Community National Schools do not respect human rights

If you want to understand what is wrong with the school patronage system in Ireland, then look no further than the recent article in the Irish Times by Michael Moriarty, General Secretary of Education and Training Boards Ireland. Michael Moriarty presents Community National Schools as another choice for parents. He claims they are inclusive.

He also claims that the ETBs have a culture and tradition of inclusive community service, and that this is why parents should choose Community National Schools at Primary Level. But contrary to what Michael Moriarty says, many parents are not confused at all.

From our perspective, the ETBs have a culture of disrespect for the human rights of atheist and secular families. Atheist and secular families see ETBs as no different than denominational schools, with inclusion and diversity meaning whatever you are having yourself.

Community National Schools

Community National Schools are under the Patronage of Education & Training Boards. They are a new type of Primary school.  Community National Schools do not respect the human rights of atheist and secular families. Not only do they not respect them but they don’t even understand them, they have made no effort to do so either. The Minister of Education & Skills Richard Bruton is supportive of this type of schools and is promoting them. You can read about them  here.

Human Rights Standards

Community National schools put parents and children in a position where they have to reveal their philosophical convictions, because the schools segregate children according to the religion or belief of their parents. In addition Michael Moriarty states that:-

“Chiefly, this support is provided through the programme Goodness Me, Goodness You, which uses story to help children explore their own beliefs and those of others together.”

How are Community National Schools  respecting the human rights of atheist and secular families? The answer to that question is that they do not. Just like at second level, they have absolutely no understanding of human rights.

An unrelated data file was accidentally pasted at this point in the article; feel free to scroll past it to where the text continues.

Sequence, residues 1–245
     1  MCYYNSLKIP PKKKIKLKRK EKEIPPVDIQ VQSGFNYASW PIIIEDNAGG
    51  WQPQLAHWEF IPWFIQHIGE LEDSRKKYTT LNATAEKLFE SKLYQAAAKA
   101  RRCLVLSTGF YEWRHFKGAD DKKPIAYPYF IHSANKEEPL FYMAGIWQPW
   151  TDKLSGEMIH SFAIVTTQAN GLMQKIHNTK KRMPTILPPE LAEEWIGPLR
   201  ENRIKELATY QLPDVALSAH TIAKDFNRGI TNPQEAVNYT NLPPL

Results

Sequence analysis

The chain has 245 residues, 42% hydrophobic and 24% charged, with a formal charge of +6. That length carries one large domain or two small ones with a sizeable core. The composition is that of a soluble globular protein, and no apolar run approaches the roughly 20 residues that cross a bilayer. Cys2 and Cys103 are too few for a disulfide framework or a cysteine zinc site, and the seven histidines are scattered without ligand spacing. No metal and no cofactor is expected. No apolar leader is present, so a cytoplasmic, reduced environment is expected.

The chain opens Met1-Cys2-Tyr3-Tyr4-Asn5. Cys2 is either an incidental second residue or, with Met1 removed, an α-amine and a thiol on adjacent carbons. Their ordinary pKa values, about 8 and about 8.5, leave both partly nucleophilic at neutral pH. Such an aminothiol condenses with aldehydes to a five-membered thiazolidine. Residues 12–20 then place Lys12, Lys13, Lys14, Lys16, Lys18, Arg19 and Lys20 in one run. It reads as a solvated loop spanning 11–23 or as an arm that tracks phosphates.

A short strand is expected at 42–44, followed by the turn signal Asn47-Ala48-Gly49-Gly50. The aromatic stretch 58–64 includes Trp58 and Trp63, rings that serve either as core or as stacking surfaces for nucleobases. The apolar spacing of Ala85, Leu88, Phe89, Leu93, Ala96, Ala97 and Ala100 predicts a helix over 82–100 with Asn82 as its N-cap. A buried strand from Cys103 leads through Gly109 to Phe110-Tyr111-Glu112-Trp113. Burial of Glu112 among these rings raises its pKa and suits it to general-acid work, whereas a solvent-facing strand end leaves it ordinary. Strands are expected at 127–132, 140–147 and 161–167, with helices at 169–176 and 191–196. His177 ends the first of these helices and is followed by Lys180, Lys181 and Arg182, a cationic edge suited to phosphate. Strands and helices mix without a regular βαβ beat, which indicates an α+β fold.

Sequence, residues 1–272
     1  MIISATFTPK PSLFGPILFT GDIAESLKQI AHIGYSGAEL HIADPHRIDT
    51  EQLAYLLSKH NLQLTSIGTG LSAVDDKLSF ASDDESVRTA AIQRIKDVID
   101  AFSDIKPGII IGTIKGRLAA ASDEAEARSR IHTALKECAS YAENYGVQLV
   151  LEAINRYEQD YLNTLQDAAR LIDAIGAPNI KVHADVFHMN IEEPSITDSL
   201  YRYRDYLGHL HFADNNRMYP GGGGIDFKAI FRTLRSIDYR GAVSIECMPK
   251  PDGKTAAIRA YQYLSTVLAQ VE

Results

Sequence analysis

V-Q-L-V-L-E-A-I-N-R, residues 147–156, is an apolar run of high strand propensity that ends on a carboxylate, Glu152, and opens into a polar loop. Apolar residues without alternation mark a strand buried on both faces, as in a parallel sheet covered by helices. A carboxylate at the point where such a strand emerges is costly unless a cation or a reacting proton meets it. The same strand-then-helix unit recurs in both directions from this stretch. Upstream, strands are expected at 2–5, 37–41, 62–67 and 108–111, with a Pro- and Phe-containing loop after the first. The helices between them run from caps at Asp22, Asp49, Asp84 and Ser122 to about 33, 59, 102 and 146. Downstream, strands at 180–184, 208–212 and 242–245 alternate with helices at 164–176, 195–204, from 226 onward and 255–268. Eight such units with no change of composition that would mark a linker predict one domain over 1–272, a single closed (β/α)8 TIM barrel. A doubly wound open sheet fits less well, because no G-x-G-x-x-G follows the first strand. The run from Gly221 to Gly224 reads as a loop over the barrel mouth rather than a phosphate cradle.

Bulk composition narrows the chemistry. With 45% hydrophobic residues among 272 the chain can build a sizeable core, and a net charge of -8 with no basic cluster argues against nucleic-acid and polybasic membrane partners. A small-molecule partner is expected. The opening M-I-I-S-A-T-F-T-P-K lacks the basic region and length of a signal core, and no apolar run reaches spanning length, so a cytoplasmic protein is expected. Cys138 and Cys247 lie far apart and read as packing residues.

Parents have a human right not to be required to reveal their religious or nonreligious beliefs, and not to be compelled to assume a stance from which it may be inferred whether or not they have such beliefs. How do teachers and the school authorities respect and promote that right, when they are identifying children according to the beliefs of their parents, supporting those beliefs and helping children explore their own beliefs?

What does all this mean on the ground? What exactly are they teaching the children whose parents want their human rights recognised and respected.

Irish Human Rights and Equality Commission

The ETBs/Community National Schools simply do not understand this aspect of human rights, notwithstanding the fact that they are legally obliged under Section 42 (c) of the Irish Human Rights and Equality Commission Act to guarantee them to all their service users.

Section 42 (c) of the IHREC Act states that:-

(c) protect the human rights of its members, staff and the persons to whom it
provides services.

The European Court of Human Rights has said that:-